President Barack Obama has been sharing with his administration his view of the opioid epidemic and his hopes for ending the war on drugs, but he’s been asked about the vast majority of the country.
“We’ve heard it from a number of different groups, but I think that, for most Americans, there is a common sense notion that the opioid abuse epidemic is a public health issue,” Obama said Wednesday at a White House news conference.
“I’ve heard the view that, in many ways, the opioid overdose epidemic is more a public-health issue than the crime or the corruption that is fueling the crisis.”
Obama’s comments are in contrast to the views of most Republicans, who have blamed the epidemic for more deaths than crime and corruption, including heroin, cocaine and methamphetamines.
The president has been more circumspect than his predecessor on the issue, with some Republicans expressing concern about the president’s apparent reluctance to take action.
“I don’t want to get into hypotheticals,” said House Speaker John Boehner, R-Ohio, in a statement Wednesday.
“But we know that there are more than 50 million Americans who are dependent on opioids and we know they are hurting.
The president is also making it clear that we need to address the root cause of the problem, not just address a few parts.”
In response, the president issued a statement Thursday that was more blunt.
“The opioid crisis is an issue of public health and is one of our nation’s great challenges, yet the president and the White House are ignoring that reality,” the president said.
“There are more Americans who have died of opioids than have been killed in any other violent crime in U.S. history.
This epidemic is not going away, and it will never go away.
As President, I am going to continue to push Congress to act, to make progress, and to help end this terrible scourge.””
But to do so, we must acknowledge the facts of the crisis, and act on them,” the statement added.”
For the first time in decades, nearly 1 in 4 Americans have been addicted to opioids,” Boehner said.
He added, “The president and his administration should listen to the overwhelming number of Americans who know firsthand how the opioid addiction crisis is harming them and their families, and not the president.”
Obama also made the case that the crisis is not solely a health issue.
“While the opioid and heroin epidemic is one public health challenge, I’ve spent much of my career as a leader working to reduce drug abuse and violence in our communities, and I’ve learned that public health can help achieve our shared goals,” Obama added.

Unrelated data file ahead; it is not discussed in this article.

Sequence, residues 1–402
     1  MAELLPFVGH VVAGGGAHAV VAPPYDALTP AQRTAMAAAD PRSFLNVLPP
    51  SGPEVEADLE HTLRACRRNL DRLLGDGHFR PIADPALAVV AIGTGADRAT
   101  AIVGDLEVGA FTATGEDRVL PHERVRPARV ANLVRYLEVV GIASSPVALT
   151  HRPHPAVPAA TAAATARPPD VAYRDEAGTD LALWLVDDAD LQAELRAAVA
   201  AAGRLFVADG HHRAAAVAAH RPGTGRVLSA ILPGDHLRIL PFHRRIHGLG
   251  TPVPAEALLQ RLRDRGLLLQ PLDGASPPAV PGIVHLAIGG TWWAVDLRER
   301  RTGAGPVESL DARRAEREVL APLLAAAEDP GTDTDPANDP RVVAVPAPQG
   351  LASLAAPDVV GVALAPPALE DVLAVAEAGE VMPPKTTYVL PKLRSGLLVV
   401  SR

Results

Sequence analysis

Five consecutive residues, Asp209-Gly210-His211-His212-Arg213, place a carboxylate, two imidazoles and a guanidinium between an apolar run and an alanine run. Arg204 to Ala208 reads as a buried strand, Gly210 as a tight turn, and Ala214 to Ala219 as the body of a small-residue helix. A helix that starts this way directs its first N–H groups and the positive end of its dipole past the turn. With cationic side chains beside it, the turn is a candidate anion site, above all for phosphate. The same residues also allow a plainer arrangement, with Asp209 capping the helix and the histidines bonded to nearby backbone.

“That is why I’m asking Congress to pass bipartisan legislation that helps tackle this crisis and prevent further deaths and addiction in our country.”
A federal government report released Wednesday showed that the number of deaths and overdose deaths linked to opioids increased by more than 700 percent from 2010 to 2016, with the number associated with heroin more than doubling.
The report found that heroin overdoses, which are the leading cause of overdose death in the United States, rose from 6,700 in 2015 to 23,400 in 2016, and the number linked to heroin tripled.
In the wake of the latest report, several Republican senators have signaled they might not support the president in his next push for legislation to address this crisis.
One of them, Sen. Mike Lee, R of Utah, has said he wants to work with Obama to develop a bipartisan bill to address these opioid crises.
“This is not a partisan issue.
This is not about one party or the other,” Lee said in a recent statement.
“We need to do everything we can to reduce the number and severity of deaths associated with these drugs, and if the president decides not to pursue a bipartisan solution, we should work with him to create one.”
A senior administration official, who spoke on condition of anonymity to discuss the president, told ABC News that there’s a bipartisan consensus in Congress to address and prevent drug use and overdose, but that there is still more work to be done to address drug abuse.
The administration official said the administration will continue to provide information to Congress and the public about the epidemic and the crisis in communities.
The White House did not respond to ABC News’ requests for comment about the comment.